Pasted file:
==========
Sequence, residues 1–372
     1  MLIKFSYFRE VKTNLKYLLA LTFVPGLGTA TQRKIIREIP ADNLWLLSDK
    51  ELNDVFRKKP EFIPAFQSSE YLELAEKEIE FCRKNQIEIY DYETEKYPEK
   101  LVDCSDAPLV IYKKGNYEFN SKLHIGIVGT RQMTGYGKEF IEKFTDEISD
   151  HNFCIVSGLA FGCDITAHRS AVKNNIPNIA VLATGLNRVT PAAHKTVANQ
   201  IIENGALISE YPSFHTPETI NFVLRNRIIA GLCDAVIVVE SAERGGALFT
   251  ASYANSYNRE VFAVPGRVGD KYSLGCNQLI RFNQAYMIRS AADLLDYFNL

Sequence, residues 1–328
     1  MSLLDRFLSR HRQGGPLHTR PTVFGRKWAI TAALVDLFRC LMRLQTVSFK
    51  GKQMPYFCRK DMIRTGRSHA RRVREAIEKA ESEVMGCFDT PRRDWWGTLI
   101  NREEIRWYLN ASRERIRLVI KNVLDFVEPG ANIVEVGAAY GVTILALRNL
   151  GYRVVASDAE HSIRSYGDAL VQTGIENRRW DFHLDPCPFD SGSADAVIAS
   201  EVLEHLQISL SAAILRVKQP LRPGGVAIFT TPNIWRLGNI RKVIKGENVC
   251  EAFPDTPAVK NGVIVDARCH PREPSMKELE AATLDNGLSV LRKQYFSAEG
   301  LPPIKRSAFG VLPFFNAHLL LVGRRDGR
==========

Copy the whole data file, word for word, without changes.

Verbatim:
Sequence, residues 1–372
     1  MLIKFSYFRE VKTNLKYLLA LTFVPGLGTA TQRKIIREIP ADNLWLLSDK
    51  ELNDVFRKKP EFIPAFQSSE YLELAEKEIE FCRKNQIEIY DYETEKYPEK
   101  LVDCSDAPLV IYKKGNYEFN SKLHIGIVGT RQMTGYGKEF IEKFTDEISD
   151  HNFCIVSGLA FGCDITAHRS AVKNNIPNIA VLATGLNRVT PAAHKTVANQ
   201  IIENGALISE YPSFHTPETI NFVLRNRIIA GLCDAVIVVE SAERGGALFT
   251  ASYANSYNRE VFAVPGRVGD KYSLGCNQLI RFNQAYMIRS AADLLDYFNL

Sequence, residues 1–328
     1  MSLLDRFLSR HRQGGPLHTR PTVFGRKWAI TAALVDLFRC LMRLQTVSFK
    51  GKQMPYFCRK DMIRTGRSHA RRVREAIEKA ESEVMGCFDT PRRDWWGTLI
   101  NREEIRWYLN ASRERIRLVI KNVLDFVEPG ANIVEVGAAY GVTILALRNL
   151  GYRVVASDAE HSIRSYGDAL VQTGIENRRW DFHLDPCPFD SGSADAVIAS
   201  EVLEHLQISL SAAILRVKQP LRPGGVAIFT TPNIWRLGNI RKVIKGENVC
   251  EAFPDTPAVK NGVIVDARCH PREPSMKELE AATLDNGLSV LRKQYFSAEG
   301  LPPIKRSAFG VLPFFNAHLL LVGRRDGR